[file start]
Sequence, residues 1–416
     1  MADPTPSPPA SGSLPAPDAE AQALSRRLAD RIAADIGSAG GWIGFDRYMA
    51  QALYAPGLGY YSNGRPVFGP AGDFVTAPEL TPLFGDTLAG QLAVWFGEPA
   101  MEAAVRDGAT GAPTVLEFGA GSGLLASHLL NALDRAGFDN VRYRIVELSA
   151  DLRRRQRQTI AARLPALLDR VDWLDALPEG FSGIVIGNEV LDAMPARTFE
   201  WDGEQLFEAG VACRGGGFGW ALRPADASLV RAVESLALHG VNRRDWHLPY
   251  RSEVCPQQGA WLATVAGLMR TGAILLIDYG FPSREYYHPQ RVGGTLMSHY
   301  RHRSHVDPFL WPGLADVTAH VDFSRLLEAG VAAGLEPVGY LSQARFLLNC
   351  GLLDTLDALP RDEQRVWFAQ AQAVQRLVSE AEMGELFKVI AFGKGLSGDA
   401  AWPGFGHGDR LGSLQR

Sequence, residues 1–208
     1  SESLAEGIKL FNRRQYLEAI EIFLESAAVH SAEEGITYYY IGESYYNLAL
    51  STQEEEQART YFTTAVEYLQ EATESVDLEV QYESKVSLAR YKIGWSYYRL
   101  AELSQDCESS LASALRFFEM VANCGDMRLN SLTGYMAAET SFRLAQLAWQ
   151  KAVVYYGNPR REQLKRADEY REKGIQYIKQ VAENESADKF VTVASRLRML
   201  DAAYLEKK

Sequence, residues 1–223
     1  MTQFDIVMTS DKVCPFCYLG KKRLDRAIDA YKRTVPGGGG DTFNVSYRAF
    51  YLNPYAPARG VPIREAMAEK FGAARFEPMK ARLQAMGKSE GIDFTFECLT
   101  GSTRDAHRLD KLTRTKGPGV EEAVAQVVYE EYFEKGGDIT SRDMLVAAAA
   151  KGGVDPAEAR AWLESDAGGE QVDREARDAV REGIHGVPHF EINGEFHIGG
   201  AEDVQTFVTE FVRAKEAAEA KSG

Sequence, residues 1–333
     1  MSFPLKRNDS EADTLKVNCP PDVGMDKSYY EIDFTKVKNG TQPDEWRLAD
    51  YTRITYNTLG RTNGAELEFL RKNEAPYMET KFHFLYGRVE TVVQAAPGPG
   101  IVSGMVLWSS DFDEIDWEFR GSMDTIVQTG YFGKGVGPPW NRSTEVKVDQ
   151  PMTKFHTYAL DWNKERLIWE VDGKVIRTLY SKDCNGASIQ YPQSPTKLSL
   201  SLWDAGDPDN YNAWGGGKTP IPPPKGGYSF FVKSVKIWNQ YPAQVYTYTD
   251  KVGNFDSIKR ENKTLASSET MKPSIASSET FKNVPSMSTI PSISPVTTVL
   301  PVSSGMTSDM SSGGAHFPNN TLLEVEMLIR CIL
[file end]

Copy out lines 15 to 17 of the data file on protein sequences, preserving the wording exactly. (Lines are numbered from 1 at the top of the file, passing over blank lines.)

   151  KAVVYYGNPR REQLKRADEY REKGIQYIKQ VAENESADKF VTVASRLRML
   201  DAAYLEKK

Sequence, residues 1–223